With respect to its impact in water, glyphosate can reach the aquatic ecosystem by accidental overspray, drift or surface runoff. Glyphosate has high solubility in water (12 grams/liter at 25º C), yet its persistence appears to be less in water than in soils. All studies conducted agree that this persistence ranges from 12 to 60 days. Nonetheless, it is quite easy to find water sources with levels in excess of what is established in the various legislations. Here again, there are variations. For example, in USA the limit is 0.7 parts per million, while in Canada it is 0.28 and in Spain 0.01. It is easy to see that the differences are extremely significant.
Lastly, it should be mentioned that numerous studies are being conducted around the world on glyphosate’s possible effect on populations of butterflies and bees. Other lines of active research are also underway, such as correlations with gluten sensitivity.
AGQ Labs has been analyzing the active ingredient glyphosate for years, both in foods and in drinking water. The technique utilized is Liquid Chromatography Tandem-Mass Spectrometry (LC-MS-MS), which is unquestionably today’s state-of-the-art instrumentation for this type of analysis.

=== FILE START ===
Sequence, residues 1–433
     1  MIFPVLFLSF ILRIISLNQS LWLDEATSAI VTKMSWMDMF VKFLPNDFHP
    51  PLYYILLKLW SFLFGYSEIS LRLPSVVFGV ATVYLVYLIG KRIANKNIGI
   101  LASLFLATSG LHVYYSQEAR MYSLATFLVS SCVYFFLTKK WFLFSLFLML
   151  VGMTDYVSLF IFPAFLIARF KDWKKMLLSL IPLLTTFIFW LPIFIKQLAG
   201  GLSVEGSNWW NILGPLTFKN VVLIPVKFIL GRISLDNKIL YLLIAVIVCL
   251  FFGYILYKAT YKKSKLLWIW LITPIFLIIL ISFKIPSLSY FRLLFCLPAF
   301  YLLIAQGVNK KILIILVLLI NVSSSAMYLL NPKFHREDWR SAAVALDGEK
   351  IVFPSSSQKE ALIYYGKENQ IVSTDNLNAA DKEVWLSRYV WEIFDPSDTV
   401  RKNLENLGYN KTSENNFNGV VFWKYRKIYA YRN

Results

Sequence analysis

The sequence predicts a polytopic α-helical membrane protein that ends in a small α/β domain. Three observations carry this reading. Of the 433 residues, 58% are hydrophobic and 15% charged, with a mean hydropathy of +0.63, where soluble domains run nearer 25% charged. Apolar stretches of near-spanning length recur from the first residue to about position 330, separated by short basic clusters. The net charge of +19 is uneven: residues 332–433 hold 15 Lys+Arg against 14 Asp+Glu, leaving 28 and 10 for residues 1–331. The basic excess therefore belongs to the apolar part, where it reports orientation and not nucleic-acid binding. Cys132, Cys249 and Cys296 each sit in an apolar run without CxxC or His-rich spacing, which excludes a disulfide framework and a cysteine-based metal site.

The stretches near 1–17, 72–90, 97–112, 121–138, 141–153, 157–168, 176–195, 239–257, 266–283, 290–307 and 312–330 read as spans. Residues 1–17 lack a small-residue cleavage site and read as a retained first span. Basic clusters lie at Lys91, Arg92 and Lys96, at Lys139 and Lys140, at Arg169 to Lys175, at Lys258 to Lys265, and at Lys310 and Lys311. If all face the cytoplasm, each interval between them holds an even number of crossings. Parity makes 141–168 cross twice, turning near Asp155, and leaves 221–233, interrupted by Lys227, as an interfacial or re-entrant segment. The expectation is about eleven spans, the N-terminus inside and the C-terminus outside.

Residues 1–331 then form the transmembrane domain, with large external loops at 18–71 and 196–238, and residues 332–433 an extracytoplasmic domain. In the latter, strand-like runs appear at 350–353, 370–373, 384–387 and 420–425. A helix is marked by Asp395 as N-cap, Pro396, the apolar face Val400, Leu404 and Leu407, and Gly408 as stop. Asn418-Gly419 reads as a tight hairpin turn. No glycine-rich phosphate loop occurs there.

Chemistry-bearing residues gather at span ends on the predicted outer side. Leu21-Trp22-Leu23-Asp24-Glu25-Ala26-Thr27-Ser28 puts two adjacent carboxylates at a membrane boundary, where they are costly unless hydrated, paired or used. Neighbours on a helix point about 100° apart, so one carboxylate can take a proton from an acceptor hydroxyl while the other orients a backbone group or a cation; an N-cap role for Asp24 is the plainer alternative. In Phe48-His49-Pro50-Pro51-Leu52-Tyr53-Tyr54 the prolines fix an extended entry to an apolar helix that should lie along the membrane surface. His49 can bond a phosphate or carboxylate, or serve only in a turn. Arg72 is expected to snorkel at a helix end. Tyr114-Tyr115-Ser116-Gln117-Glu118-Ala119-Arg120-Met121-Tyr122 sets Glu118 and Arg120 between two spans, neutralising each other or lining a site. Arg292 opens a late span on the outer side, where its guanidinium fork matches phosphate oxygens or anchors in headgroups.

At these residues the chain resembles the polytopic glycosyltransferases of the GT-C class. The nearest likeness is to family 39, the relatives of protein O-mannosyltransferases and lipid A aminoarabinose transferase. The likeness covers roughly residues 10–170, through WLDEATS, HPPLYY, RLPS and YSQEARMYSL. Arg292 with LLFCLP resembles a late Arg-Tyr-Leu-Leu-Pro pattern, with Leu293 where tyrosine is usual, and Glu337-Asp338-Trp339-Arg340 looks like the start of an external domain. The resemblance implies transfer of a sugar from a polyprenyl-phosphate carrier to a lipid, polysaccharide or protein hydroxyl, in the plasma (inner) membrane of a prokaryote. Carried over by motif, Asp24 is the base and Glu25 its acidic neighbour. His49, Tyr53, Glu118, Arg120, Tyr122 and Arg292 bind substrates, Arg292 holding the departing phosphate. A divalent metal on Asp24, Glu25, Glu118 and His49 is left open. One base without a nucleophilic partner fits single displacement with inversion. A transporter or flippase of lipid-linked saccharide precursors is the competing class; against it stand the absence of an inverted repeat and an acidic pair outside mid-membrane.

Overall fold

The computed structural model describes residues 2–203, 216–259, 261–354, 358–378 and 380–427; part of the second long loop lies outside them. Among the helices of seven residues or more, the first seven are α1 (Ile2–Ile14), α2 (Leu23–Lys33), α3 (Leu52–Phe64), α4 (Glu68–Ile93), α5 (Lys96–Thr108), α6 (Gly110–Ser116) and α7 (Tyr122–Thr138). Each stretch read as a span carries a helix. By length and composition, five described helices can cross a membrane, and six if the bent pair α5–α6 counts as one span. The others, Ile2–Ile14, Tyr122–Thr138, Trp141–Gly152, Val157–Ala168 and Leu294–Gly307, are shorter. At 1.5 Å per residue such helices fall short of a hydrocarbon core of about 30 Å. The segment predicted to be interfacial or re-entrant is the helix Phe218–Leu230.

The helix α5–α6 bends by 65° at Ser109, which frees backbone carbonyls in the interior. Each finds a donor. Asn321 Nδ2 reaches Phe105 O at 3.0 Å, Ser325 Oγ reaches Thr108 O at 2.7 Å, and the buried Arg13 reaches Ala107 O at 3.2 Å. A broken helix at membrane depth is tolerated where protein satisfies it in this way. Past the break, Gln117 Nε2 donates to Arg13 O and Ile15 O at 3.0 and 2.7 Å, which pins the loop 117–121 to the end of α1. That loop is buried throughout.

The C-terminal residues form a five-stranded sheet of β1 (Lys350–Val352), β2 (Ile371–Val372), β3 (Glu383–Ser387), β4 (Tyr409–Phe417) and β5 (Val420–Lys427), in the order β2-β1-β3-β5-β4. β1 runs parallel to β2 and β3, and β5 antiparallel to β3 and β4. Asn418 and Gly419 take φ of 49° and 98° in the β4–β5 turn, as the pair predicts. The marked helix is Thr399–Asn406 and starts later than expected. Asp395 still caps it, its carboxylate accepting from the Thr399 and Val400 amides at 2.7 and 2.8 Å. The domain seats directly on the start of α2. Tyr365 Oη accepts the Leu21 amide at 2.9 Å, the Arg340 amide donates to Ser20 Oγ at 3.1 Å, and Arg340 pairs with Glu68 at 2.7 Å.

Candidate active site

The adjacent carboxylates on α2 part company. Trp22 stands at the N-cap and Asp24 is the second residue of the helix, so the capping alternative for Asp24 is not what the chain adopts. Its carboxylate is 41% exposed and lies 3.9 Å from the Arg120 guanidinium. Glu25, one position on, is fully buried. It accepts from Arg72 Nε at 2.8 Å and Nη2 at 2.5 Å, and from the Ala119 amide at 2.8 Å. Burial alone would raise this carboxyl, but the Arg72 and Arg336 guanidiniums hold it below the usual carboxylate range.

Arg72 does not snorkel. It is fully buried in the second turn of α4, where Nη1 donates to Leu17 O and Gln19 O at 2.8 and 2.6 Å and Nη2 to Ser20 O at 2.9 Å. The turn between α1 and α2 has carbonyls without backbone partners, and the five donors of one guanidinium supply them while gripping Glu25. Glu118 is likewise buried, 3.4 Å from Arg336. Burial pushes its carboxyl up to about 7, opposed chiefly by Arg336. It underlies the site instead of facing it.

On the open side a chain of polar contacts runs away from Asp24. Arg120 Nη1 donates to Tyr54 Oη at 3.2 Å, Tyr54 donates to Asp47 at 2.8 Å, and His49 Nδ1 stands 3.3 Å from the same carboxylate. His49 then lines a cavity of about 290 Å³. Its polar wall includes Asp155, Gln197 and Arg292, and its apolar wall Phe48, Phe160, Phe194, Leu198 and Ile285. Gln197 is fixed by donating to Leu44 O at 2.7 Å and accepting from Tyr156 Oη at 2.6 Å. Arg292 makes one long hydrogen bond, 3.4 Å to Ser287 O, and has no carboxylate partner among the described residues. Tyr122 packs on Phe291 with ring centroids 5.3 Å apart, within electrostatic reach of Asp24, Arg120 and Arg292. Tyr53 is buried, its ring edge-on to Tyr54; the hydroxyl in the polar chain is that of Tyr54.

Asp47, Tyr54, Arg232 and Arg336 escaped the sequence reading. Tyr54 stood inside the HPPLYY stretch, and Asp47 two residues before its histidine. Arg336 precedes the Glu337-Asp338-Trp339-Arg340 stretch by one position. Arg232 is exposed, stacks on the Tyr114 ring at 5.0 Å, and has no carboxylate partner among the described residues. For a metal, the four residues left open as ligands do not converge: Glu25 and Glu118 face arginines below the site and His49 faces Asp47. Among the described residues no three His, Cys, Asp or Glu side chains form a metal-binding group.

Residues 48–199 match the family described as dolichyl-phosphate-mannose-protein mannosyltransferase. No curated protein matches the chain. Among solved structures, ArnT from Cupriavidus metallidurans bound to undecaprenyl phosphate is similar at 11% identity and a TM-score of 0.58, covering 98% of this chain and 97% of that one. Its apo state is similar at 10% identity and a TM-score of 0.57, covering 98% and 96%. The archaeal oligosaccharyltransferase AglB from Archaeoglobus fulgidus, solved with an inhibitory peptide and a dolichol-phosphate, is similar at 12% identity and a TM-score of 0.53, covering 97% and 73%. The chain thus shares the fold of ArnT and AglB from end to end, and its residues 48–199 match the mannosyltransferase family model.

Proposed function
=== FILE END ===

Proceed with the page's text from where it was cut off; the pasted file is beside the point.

A study conducted over the past two years revealed the following results: in foods, in the United States, 40% of the samples analyzed tested positive for Glyphosate, but only 1.18% surpassed the limit set by U.S. law. In Europe, of the thousands of samples analyzed in our laboratory in Spain, 15% have tested positive, but only 1.87% exceeded the limits set by European law.
As one can see, though we have observed more positive results in our US testing, the percentage of samples surpassing the limit legal was very similar to our testing in Europe. The product for which the highest concentrations of glyphosate have been found is honey.
In the case of water, only 7.7% of the samples analyzed in Spain tested positive.
In summary, rigorous scientific studies need to continue being conducted regarding the product’s actual danger. Yet given the low percentage of samples whose residues of glyphosate exceed the established limits, we can conclude that its application in the field is in keeping with the recommendations for the dose to be applied, and that as a general rule the safety precautions as established by regulatory agencies are being respected.
It should be clarified that most of the food samples analyzed by AGQ Labs are fruits and fresh vegetables. We know for a fact that in samples of grains (wheat, corn, soy beans, etc.) and sugar cane, the presence of glyphosate is much greater, given its massive useon those crops, especially in their genetically modified analog.